Dr. Jekyll and Mr. Hyde ( a pair of KZ400s)

Nebr_Rex

Member
I'm still working on my camshafts. One for a KZ440 and 2 for a KZ400.
One for the KZ400 is going to receive some more weld build up. It is going
to get more duration added.
A member on KZRider needed some slots milled for adjustable sprockets.
Nobody makes them for the KZ/GPz750. So I offered my services and machined
a set for him along with another set and one for a KZ440. The extras I put up on
evil-bay to see if anyone is interested.
Here are some pics....


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Nebr_Rex

Member
The above pic is a cam for a stock bore early KZ400 engine I'm planning on.
It actually has over .100 more metal on the nose than needed.
It will be an experiment to see how much power 400cc can produce, inexpensively.
The other two cams are roughed in, ready to start fine tuning.


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Nebr_Rex

Member
It has been a long time since I last posted. Some other projects and life in general have had me occupied most of the time. I have developed a way to grind cams for my KZ400/440 engines. The tooling needs one more modification to be fully operational. Cam profiles can be inked out on paper and then transferred and indexed to a master cam. The good portion of the time has been use to come up with an inexpensive profile for both the early and late head designs. This means no welding. just a reduction of the base circle. Because of the early heads valve adjustment design this limits the amount to be removed before it is out of the adjustment range. I have managed to get a little more lift, duration and advance of the centerline, compared to published cam specs. This is only on the intake. I have left the exhaust alone because of the size of the valve and port in relation to the intake. The ports on both heads are almost identical in size. Percentage of the exhaust to intake port and valve size is usually 77% to 83%. Early and late heads are 94% and 89% respectively. Because of the super long opening and closing ramps, 70* vs. 30*, I am considering grinding the exhaust also. The cams I have put a degree wheel to are not close to the factory specs. Other grinds are being indexed by degrees and lift.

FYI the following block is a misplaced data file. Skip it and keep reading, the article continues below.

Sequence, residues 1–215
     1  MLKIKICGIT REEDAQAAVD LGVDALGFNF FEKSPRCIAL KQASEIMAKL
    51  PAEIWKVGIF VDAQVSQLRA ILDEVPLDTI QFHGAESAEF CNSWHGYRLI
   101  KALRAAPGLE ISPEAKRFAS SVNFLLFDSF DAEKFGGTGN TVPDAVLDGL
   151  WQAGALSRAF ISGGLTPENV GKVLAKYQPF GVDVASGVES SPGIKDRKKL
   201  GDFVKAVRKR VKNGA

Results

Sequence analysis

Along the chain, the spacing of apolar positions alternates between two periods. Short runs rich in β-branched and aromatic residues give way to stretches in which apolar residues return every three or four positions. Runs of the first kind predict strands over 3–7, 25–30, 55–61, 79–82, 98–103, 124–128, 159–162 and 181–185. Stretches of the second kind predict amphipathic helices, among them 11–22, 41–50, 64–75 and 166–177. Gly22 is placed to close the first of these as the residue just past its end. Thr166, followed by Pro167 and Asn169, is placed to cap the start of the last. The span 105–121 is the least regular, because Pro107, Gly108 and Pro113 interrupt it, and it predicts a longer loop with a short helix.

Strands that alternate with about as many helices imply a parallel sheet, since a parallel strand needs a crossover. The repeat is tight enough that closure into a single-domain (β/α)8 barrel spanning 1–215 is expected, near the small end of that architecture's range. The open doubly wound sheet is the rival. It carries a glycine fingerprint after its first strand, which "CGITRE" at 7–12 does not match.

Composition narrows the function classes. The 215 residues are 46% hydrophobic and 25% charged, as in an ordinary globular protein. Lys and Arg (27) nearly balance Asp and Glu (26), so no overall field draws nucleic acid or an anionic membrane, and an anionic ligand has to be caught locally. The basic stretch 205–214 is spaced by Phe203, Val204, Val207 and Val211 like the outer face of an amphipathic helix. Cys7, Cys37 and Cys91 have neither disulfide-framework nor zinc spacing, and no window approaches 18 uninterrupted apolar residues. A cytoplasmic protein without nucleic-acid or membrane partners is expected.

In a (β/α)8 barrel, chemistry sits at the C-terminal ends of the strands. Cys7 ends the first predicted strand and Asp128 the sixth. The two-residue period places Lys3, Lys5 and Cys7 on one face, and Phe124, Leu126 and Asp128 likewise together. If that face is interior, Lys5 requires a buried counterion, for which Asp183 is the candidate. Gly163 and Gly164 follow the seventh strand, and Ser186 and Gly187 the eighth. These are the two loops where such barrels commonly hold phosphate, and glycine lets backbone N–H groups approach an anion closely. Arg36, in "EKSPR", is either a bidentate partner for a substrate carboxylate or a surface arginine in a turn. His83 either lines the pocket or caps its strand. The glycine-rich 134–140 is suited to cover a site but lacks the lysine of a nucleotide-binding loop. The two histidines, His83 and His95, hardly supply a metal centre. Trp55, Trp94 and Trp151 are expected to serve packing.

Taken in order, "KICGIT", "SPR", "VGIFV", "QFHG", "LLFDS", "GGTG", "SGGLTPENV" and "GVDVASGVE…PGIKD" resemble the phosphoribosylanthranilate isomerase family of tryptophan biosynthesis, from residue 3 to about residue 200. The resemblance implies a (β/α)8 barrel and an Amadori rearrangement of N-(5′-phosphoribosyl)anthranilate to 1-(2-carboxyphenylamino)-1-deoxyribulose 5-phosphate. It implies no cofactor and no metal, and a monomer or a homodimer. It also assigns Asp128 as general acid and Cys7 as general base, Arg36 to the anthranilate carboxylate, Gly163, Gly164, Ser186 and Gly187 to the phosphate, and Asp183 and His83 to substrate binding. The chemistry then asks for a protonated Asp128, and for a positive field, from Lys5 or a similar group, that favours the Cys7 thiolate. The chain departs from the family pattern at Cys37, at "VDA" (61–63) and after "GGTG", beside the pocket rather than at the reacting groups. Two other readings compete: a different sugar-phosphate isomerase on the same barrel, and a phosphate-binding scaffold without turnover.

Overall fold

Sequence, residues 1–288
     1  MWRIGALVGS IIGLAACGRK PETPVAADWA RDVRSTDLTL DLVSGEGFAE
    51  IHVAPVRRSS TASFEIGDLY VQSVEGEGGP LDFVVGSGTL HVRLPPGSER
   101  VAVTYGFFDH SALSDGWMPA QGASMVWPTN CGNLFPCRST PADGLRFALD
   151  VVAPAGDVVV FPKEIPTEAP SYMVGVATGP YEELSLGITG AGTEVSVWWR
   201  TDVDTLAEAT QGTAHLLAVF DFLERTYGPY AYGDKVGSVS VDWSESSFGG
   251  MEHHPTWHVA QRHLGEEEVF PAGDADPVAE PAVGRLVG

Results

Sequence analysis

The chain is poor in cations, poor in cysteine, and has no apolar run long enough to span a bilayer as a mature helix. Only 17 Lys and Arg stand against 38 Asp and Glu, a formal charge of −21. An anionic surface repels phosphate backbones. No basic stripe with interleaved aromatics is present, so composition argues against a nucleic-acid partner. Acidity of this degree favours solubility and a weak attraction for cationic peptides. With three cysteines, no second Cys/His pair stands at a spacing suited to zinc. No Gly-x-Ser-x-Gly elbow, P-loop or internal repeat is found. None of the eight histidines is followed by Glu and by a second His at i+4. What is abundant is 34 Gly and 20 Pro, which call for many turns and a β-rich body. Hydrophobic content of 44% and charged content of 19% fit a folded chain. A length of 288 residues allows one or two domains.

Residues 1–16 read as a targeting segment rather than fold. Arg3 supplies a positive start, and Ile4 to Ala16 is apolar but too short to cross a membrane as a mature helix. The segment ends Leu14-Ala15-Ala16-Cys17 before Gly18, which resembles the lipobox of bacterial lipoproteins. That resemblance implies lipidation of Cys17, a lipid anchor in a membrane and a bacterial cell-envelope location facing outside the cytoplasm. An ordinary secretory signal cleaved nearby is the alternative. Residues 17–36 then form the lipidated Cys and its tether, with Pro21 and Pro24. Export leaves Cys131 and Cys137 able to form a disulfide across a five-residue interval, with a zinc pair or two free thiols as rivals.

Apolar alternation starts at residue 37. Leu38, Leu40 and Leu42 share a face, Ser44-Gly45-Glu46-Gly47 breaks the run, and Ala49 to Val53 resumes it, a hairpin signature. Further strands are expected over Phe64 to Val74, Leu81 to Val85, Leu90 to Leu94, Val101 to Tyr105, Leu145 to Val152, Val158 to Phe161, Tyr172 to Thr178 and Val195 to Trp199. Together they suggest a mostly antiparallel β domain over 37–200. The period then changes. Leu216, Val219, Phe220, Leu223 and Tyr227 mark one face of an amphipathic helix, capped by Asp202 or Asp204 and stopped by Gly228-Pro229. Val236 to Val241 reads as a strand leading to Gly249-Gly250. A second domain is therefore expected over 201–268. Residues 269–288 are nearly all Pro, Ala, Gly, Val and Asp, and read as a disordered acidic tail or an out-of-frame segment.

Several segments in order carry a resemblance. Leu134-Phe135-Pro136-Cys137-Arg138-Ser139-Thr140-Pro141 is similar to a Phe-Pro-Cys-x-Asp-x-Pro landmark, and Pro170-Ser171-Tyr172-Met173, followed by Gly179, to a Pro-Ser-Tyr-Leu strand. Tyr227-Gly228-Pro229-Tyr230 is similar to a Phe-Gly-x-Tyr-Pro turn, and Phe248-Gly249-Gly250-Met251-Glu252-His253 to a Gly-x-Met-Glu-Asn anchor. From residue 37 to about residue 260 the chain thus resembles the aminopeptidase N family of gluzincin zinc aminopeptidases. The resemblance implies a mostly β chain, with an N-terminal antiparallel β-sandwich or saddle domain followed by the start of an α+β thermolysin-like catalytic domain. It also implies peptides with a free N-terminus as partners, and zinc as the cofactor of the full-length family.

Here are pics of a welded cam compared to a stock unit.


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Nebr_Rex

Member
No need to, the welded area is harder than the base metal.
That is why I had to make the tooling to start with.
A file would not touch the weld but leave a mark on the base metal.


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JoshMcMadMac

New Member
Nebr-Rex, I have seen your posts on the KZ forum pointing over here. I have a question you might be able to answer:
Can an 81-82 440 head be used on a 78 KZ400 without too much hassle?
 

Nebr_Rex

Member
Nebr-Rex, I have seen your posts on the KZ forum pointing over here. I have a question you might be able to answer:
Can an 81-82 440 head be used on a 78 KZ400 without too much hassle?
To put it simply, if it looks the same it is the same.
Looking at the heads from the side just above the spark plug. The early KZ400 will have a rectangular cover with a screw head in the center. The late KZ400/440 head will have 2 bolt heads. The late KZ440 and KZ440 heads are the same. 1978 was a transition year some had the old style engine and some received the new engine


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JoshMcMadMac

New Member
To put it simply, if it looks the same it is the same.
Looking at the heads from the side just above the spark plug. The early KZ400 will have a rectangular cover with a screw head in the center. The late KZ400/440 head will have 2 bolt heads. The late KZ440 and KZ440 heads are the same. 1978 was a transition year some had the old style engine and some received the new engine
Wow, it's really that simple? If I have a late '78 400, I can literally bolt in an 81-82 440 head?
 
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